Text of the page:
Volume 93 Issue 44 | p. 30
Issue Date: November 9, 2015 | Web Date: November 8, 2015

Who Are The American Chemical Society’s Members, And What Do They Earn?

The 30th anniversary of a comprehensive salary survey shows what has changed—and what hasn't—about ACS members
Department: Science & Technology
Keywords: Employment, salary, acs members, diversity

Think back to 1985. Michael Jordan was NBA Rookie of the Year. Microsoft released its first version of Windows. “Back to the Future” was one of the top movies. Gas cost an average of $1.09 per gal.

The year 1985 was also when the American Chemical Society started its ChemCensus. Although ACS does a smaller salary survey every year, ChemCensus is a comprehensive look at ACS members’ demographics and earnings that’s conducted every five years. That means it offers the most reliable data on the makeup of ACS—way more accurate than time travel via DeLorean.

To mark the 30th anniversary of ChemCensus, C&EN explored what ACS’s membership looked like in 1985 compared with 2015. We interviewed two members who got their Ph.D.s in those years to get their perspective on how the job market has changed (see page 32). We also present some of our top job advice from today’s members (see page 33).

As the data show, the situation is not all roses for chemists. Salaries are up in real dollars, but if you take inflation into account, they have barely budged in 30 years. Unemployment is up from 1.7% in 1985 to 3.1% this year, which is high for chemists but still below the national average unemployment rate.

Still, there are bright spots, no matter how small. Diversity of ACS members by both race and sex is increasing. For example, women now make up more than 30% of members, double their representation 30 years ago. There are more African American, Hispanic, and Asian members, too.

Sift through the data, and decide for yourself what the future might hold for the chemistry profession.

 
Chemical & Engineering News
ISSN 0009-2347
Copyright © American Chemical Society
Comments
Michael (Thu Nov 12 19:37:28 EST 2015)
How does a Bachelor's earn more than a Master's in West South Central?
Linda Wang (Fri Nov 13 10:50:46 EST 2015)
Hi Michel, yes in fact, this is true. We don't have state-specific data, but that is true for the West South Central Region. I don't have information on why this is the case, but it is very interesting.
Linda Wang (Mon Nov 16 13:46:10 EST 2015)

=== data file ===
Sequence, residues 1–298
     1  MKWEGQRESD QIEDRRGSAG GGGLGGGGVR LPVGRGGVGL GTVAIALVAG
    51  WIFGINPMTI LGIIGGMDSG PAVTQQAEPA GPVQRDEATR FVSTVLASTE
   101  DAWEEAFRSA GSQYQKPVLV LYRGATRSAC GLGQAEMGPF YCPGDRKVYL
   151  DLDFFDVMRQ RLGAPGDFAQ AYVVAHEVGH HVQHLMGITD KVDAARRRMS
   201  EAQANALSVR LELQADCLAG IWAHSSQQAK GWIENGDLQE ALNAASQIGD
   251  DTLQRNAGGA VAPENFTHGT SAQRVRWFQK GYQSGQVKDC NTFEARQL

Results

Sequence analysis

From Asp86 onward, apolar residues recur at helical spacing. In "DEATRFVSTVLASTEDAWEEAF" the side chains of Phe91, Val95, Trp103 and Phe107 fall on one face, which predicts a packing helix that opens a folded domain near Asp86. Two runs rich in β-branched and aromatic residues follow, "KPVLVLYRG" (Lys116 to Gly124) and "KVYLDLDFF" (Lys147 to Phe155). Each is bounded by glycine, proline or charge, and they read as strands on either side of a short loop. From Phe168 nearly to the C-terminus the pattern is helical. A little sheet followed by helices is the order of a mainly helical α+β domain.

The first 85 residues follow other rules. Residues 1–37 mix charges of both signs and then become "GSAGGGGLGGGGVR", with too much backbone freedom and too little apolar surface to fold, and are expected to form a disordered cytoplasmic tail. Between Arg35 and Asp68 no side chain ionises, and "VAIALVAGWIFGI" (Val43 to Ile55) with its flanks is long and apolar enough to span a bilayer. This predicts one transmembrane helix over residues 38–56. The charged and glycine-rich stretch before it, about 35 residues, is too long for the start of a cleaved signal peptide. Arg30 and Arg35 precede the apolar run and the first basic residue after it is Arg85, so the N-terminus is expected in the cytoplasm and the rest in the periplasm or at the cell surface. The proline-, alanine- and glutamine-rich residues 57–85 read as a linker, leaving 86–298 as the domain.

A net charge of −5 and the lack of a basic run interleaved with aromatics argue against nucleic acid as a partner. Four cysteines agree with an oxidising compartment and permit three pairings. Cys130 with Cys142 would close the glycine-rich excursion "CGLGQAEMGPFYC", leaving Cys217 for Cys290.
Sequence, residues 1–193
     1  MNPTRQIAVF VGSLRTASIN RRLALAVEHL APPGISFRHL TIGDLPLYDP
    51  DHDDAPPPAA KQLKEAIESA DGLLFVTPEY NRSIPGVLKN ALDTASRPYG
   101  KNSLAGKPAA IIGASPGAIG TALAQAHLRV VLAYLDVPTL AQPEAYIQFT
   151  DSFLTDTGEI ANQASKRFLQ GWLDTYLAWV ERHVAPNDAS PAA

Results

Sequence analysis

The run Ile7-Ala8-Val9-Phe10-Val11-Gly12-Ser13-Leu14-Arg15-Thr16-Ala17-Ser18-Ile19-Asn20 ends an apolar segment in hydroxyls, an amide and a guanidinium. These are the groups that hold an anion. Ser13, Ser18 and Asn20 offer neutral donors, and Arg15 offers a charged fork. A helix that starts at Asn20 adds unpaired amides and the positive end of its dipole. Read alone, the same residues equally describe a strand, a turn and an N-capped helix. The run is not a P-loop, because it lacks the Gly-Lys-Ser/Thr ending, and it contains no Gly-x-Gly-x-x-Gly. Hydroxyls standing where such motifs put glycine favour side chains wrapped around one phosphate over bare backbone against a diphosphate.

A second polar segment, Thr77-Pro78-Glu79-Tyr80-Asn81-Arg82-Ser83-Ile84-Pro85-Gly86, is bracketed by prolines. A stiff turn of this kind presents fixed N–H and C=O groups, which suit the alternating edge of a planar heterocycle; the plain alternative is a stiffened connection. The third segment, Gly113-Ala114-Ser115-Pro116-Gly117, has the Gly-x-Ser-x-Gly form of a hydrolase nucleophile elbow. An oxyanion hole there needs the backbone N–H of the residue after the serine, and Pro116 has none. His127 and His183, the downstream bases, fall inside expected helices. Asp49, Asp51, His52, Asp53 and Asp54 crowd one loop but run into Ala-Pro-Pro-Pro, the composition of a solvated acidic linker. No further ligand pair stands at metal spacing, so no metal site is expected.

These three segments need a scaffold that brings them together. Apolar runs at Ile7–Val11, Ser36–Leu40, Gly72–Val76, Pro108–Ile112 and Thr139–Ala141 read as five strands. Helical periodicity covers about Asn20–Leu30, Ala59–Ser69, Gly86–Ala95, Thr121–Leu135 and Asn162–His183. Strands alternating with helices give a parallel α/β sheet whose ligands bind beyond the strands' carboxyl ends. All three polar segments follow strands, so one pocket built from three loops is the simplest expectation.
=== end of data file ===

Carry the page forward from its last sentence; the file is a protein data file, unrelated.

I spoke with Gareth Edwards, Senior Research Associate at ACS, speculates that the salary difference may be because master’s degree level jobs are in less demand. That may be because jobs for chemists often require a Ph.D. as a starting point. So there may be a dip for Master’s because of that.
Vinod Sinha (Fri Nov 13 00:06:15 EST 2015)
How ironic that in real terms (constant dollars)the salaries of chemists at all educational levels has declined over the last decade. It would be a revelation to see the salary data compared with those of the CEO compensation of chemical companies.
Linda Wang (Mon Nov 16 13:46:59 EST 2015)
I agree, the data reveals an unsettling trend, something we need to keep an eye on.
Tom Jablonowski (Wed Nov 18 11:19:50 EST 2015)
In past years the data also was shown as salary vs. years since graduation. Why isn't that info part of the published info? Since you're averaging new graduates with 40-years experienced chemists, the data is not as useful as it used to be.
Linda Wang (Mon Nov 30 10:36:46 EST 2015)
Tom, thanks for your comment. We focused on the 30 year data this time because of the ChemCensus anniversary. However, ACS will publish a report later this year that includes more data, including salary vs. years since graduation. Look for it in the coming weeks at www.acs.org/salary.
David Kurzweg (Thu Nov 17 17:33:03 EST 2016)
In the past, the physically published article about the annual salary survey was much more comprehensive. The article would give such detailed statistics as how long each category had worked and how much they made based on years of work. I could not find any such facts in either the magazine article or the internet article. Is this information available this year and if so, where can I find it?
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